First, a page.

This Earth Day, a scientist shares tips for building climate action into everyday life

A woman riding an orange bike takes a selfie
Sara Smith takes a selfie during her evening bike commute as the sun sets above the Midtown Greenway in Minneapolis on Jan. 31.
Ben Hovland | MPR News

Monday is Earth Day, an event created in 1970 to raise awareness about protecting the environment.

Back then, climate change wasn’t a household term. But this past winter was the warmest on record in the U.S., according to the National Oceanic and Atmospheric Association.

The global problem may be more visible in people’s lives than it was a few years ago, but that has not made it clearer how they can help solve it.

University of Minnesota Climate Adaptation Partnership Director Heidi Roop published a book called “The Climate Action Handbook” to help people figure out where to jump in.

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She joined MPR News host Nina Moini to hear how some Minnesotans are approaching everyday climate action and share advice.

Use the audio player above to listen to the full conversation.

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Audio transcript

NINA MOINI: Today is Earth Day, an event created in 1970 to raise awareness about protecting the environment. Back then, climate change wasn't a household term, but this past winter was the warmest on record in the US, according to the National Oceanic and Atmospheric Association. This global problem may be more visible in people's lives than it was a few years ago, but that doesn't make it any clearer on how to help solve it.

Climate scientist Heidi Roop published a book called Climate Action Handbook to help people figure out where to jump in. She's Director of the University of Minnesota Climate Adaptation Partnership, and she joins me now. Thanks for being here, Heidi.

HEIDI ROOP: Thanks for having me. Happy Earth Day.

NINA MOINI: Happy Earth Day. I really, really love that you've created this resource for people. Because a lot of people do wonder, I know I could be doing more. How do I put it into action? So what are the first steps you recommend for people who don't really know where to start?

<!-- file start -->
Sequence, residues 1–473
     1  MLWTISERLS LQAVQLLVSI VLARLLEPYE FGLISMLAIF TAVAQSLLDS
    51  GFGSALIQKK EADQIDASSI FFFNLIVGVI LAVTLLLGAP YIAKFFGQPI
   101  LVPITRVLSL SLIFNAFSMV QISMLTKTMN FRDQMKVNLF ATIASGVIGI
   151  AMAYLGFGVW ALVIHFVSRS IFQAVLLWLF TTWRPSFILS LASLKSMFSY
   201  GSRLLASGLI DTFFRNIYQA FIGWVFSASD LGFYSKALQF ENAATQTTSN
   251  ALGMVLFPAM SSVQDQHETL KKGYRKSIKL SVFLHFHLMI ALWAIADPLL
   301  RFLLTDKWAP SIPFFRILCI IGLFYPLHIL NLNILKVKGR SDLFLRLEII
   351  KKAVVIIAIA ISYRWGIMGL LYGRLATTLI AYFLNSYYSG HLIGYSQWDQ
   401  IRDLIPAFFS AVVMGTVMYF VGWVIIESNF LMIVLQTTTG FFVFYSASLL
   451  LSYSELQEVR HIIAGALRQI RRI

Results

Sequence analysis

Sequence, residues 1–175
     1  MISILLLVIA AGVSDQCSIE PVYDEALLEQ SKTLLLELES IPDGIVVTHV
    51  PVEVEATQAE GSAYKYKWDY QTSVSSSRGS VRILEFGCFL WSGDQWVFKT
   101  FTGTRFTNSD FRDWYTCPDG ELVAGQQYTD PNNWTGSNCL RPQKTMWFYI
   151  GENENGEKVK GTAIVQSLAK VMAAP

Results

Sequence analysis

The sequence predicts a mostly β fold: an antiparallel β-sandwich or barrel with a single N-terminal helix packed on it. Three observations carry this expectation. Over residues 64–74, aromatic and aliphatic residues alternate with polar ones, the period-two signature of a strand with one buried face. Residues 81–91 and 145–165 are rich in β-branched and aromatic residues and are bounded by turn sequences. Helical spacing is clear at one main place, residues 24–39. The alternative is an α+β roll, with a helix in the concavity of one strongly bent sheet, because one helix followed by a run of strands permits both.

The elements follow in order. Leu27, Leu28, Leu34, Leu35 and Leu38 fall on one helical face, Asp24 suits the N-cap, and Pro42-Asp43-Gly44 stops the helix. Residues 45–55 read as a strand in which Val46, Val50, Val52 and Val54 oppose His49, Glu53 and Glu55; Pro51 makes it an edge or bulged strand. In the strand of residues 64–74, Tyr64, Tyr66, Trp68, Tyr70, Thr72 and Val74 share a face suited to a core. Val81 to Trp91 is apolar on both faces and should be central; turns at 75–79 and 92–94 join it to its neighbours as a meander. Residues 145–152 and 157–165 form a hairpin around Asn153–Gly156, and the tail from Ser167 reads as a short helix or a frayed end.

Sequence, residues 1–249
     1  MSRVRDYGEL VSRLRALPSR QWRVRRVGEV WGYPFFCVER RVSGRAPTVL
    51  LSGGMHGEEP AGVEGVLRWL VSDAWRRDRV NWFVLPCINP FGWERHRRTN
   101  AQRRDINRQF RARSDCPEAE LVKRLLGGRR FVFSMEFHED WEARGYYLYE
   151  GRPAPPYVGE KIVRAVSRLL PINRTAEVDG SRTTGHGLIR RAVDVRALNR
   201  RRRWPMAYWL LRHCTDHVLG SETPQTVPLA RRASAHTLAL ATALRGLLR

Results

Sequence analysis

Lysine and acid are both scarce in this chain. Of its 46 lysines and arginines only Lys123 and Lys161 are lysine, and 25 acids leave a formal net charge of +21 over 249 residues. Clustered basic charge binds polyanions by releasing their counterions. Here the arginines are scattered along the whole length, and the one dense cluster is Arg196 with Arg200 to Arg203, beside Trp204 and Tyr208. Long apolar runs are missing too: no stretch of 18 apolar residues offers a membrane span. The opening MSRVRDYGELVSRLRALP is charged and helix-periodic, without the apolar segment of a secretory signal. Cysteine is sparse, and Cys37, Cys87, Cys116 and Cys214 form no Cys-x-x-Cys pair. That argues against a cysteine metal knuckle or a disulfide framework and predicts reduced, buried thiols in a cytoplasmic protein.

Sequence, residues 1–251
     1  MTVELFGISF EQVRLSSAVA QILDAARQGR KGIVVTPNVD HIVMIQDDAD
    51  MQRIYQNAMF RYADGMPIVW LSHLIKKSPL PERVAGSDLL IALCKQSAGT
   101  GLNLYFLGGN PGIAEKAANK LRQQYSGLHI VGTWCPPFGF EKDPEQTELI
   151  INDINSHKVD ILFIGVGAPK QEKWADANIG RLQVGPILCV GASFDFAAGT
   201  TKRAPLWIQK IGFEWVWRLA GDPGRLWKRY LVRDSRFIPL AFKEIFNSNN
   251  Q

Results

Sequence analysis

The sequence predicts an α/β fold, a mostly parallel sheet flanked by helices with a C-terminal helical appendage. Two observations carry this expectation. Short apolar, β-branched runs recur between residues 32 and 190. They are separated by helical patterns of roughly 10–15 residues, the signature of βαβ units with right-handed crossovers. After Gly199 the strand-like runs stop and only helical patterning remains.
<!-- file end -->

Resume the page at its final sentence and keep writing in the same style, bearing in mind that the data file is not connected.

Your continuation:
HEIDI ROOP: Well, I will be clear. Even though I'm a climate scientist who thinks about climate and wants to be part of the solution every day, I had that same nagging question.


HEIDI ROOP: What can I do? What do I do? Is it enough? How do we contribute to be part of a solution for such a large and massive problem? If there were a single answer, I'd, of course, give that to you. But what can people do-- and again, this is something I ask myself every day-- is finding a place to start. So we talk a lot about different climate and environment-friendly solutions. I'm sure people are familiar with the adage, "Earth Day is every day, or every day is Earth Day."

The handbook was really a way to learn about the ways that I could show up today with little, individual nudges and behavior changes, like slowing down the shipping of packages that may or may not arrive on my doorstep at a higher frequency than I care to admit along with things like being more energy efficient with my home and also pushing towards the much-needed collective and systems-based changes that are essential to confront the climate crisis.

NINA MOINI: Yeah, just little pivots here and there that can add up. Well, let's hear from a couple people about what they're doing to address climate change in their lives. Sophia was at Boom Island Park with her family for an Earth Day cleanup event on Saturday. Take a listen.